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Question DetailsAsked on 10/27/2017

can a home in Michigan have 2 furnaces? or will 2nd furnace be considered secondary heating?

my home has an addition that sits on a cement slab. approx. 1000 sf with 18 ft vaulted ceilings and has no ductwork from current furnace. Is it feasible to add a 2nd furnace for this space or will it be considered secondary heating?

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Secondary heating is not an officially defined term that I have seen anywhere - is commonly inferred to include added in-floor loop heating (especially if not connected to the primary heating source), wood stoves, gas fireplaces, space heaters, electric blankets, etc.


Unless this was built as a 3-season room or summer room (in which case if connected to the main house likely has serious moisture condensation issues in the winter), I wonder why it never had heating at least (and maybe A/C depending on what part of the state you live in) installed when it was built ? In most areas this would not have been to code unless this room were isolated from the conditioned space.


Assuming you mean the 1000SF is the addition size (not the entire house) adding a second heating unit to heat it would be common for that size (especially with vaulted ceilings, which tend to be - I hate to say it - heat wasters) and would still be a Primary heating unit, at least as I see it. Though why whether it is primary or secondary system makes a difference I am not sure, unless you have a lease or condo association or such which prohibits secondary heating units (presumably for fire risk reduction purposes).


Anyway, you should have a well-rated Heating and A/C contractor or an Architect run an ACCA Manual J and Manual S calculation on your house (which determines the total heating/cooling load and the sizing of unit(s) to meet that demand - that would tell you if the existing unit could also heat the addition if ducting were run to it. That would tell you whether you need to either replace your existing unit (if older or past its reliable life) with a larger one, or add a second unit for the addition - which would have the advantage that if one unit fails (other than due to loss of power or fuel) you still have a hesting source in the house - though over the long run it is more expensive to use two units.


Then he would have to look at how ducting (Manual D calculation) could be sized and run from the present unit (or a replacement for it) to the addition - or if a new unit in a different location could economically tie into both the old system and new addition ducting effectively, and what it would cost. As you probably suspect, slab-on-grade construction is harder to retrofit ducting to.


In fact, in your area, I am surprised that you have a slab on grade - that is pretty unusual in northern states - is it possible (if you bought the house with this addition already built) that it has underslab / inslab heating which you do not know about ? Or was it a DIY house and the owner cut some corners - like lack of frost-protected foundation and heating and who knows what else ?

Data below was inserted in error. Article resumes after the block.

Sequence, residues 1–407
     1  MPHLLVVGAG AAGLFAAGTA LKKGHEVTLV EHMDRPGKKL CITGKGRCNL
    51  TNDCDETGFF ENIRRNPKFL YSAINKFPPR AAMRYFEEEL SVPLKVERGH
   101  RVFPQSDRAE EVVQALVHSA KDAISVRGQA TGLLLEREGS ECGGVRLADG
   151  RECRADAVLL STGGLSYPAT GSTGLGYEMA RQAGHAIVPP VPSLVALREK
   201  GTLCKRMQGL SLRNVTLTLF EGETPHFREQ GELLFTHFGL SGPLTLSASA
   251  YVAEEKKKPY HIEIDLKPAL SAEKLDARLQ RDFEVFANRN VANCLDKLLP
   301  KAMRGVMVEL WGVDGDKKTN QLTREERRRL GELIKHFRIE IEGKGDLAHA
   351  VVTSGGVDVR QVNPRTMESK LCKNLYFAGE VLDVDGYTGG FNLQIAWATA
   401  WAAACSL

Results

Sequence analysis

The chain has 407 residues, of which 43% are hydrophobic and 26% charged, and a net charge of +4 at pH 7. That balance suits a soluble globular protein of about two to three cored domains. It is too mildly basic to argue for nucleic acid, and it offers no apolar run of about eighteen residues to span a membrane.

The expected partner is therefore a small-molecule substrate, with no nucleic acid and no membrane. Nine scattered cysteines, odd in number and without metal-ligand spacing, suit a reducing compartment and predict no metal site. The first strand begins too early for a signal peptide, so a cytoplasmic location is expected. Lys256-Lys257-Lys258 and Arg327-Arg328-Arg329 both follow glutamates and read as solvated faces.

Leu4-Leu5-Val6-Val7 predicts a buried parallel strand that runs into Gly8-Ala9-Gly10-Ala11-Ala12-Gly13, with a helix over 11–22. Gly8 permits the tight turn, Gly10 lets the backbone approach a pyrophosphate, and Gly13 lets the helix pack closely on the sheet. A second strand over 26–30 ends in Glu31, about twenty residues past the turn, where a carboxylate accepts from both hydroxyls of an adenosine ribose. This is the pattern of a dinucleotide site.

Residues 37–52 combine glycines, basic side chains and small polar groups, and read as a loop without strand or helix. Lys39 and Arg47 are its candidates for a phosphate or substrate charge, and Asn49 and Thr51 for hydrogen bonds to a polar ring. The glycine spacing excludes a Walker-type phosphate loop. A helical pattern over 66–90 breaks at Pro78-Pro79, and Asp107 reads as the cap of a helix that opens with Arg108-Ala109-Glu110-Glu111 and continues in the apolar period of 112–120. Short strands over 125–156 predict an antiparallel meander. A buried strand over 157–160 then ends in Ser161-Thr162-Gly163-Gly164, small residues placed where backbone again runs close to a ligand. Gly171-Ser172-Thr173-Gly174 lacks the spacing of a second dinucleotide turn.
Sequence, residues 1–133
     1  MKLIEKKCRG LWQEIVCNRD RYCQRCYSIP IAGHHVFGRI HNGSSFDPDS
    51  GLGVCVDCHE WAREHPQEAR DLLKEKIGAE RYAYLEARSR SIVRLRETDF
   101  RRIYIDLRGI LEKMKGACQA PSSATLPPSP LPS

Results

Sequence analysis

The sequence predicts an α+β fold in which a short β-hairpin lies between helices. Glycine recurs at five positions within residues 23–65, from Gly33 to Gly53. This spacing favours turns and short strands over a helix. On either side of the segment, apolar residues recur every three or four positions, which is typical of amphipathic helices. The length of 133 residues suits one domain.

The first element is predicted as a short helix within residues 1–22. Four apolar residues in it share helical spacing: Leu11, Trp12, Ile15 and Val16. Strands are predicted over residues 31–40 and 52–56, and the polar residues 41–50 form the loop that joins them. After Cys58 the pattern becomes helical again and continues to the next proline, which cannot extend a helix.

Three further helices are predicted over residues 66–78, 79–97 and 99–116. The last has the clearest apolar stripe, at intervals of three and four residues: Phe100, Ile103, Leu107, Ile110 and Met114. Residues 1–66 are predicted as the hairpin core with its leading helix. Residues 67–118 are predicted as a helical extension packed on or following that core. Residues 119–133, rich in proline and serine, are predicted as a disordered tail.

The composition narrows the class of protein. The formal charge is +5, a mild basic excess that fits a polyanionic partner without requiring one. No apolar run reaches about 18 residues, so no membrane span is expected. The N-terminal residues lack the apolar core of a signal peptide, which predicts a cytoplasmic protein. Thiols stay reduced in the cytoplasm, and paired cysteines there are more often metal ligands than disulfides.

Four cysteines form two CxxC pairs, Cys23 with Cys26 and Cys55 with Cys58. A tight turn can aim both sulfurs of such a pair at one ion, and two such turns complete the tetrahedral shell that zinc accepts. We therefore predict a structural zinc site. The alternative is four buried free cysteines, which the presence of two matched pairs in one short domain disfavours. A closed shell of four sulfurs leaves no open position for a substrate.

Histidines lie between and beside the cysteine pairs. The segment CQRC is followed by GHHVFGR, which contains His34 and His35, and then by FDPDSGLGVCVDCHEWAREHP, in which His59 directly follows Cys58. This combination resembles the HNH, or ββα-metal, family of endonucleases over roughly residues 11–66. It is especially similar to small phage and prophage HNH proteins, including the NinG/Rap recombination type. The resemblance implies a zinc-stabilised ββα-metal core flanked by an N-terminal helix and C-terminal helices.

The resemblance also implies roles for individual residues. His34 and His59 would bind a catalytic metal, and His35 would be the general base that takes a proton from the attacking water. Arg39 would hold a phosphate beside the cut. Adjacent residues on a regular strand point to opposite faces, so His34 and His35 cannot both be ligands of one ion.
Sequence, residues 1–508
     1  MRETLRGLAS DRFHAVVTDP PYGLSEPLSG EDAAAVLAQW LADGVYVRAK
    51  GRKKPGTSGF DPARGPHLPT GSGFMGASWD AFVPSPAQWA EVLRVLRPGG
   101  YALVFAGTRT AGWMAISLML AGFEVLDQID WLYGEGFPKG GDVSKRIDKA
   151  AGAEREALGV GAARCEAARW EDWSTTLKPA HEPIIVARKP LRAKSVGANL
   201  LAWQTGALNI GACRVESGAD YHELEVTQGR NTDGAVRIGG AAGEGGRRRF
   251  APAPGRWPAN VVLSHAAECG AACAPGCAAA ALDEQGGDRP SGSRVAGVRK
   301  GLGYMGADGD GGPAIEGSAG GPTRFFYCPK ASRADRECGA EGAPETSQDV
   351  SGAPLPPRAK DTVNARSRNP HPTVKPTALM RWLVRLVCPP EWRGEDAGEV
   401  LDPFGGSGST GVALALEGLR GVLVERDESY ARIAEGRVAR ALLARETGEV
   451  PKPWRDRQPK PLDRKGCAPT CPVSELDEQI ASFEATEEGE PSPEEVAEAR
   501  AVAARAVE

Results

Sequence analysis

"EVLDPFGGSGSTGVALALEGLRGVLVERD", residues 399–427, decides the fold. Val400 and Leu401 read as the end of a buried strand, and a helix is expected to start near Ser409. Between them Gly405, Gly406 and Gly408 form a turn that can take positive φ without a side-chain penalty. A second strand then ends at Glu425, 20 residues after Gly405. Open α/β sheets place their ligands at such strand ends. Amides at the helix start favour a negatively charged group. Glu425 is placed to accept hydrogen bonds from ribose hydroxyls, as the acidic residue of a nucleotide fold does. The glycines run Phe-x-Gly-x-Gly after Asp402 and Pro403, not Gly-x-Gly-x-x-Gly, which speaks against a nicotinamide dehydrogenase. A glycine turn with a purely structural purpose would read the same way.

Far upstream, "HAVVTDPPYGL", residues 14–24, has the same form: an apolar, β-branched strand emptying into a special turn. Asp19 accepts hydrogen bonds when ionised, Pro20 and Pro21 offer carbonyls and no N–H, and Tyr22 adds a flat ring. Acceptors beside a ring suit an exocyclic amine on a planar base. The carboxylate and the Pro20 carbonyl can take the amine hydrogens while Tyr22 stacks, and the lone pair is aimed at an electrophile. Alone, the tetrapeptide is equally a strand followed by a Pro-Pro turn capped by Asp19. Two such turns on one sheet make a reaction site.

You also have other options for the new area


- electric heating - though usually a LOT more expensive to run unless used only when the area is in actual use - like for sunrooms or Florida rooms or dens or such which are normally kept much cooler when not in use,


- a dedicated hydronic (hot water) baseboard heating system,


- wood stove or gas fireplace or similar point-source radiant heating system, though for that size area and high ceilings, would result in a lot of lost heat high up unless you have recirculation fans in the vaulted ceilings


- though I don't like them, under-flooring heating loops (electric or fluid-filled) on top of the slab


- even a high-mount forced hot air unit heater (though normally limited to only one room unless open floorplan) - which is common for high-ceiling rooms because properly sites it can provide heat and also circulation of the air trapped high up in the ceiling area.


- even (though I like these even less) in-wall heaters - electric or gas. (My recommendation - if you go that route - do NOT use unvented units of any sort even if your local building officials have not recognized the risk and banned them - use only sealed-firebox direct-vent fuel-fired heaters which get their combustion air from outside (so they are not using heated air for combustion) and direct-vent the exhaust outside.


If the existing furnace has enough heating capacity (unlikely with that large an addition anyway), but duct runs to the addition are difficult to arrange, sometimes a scavenger or "robin hood" type through-wall fan system is installed (though rarely for that large an area) to steal warm air from an adjacent room with excess duct capacity and push it into the "cold" room, using natural air return through doorways back to the main "conditioned space". This sometimes works, especially in warmer climates than yours, especially if airflow to the room the heat is being scavanged from is maximized.


Your decision will likely hinge on personal preferences on heating sources, up-front capital cost, what usable space the new furnace would have to take up (unless you tack on an insulated utility closet to the outside of the house), and installed/fuel costs versus costs of running ducting and possibly upsizing your current unit. And bear in mind any solution should look at not only heating (and A/C if needed), but also heat distribution in those high-ceiling areas, because just putting the heat into the room(s) without providing circulation to at least partially recover the warm air rising to the ceilings will be throwing a fair amount of $ out the window. The circulation issue also has to consider excess moisture removal - both at the ceilings and at windows.

Answered 1 year ago by LCD




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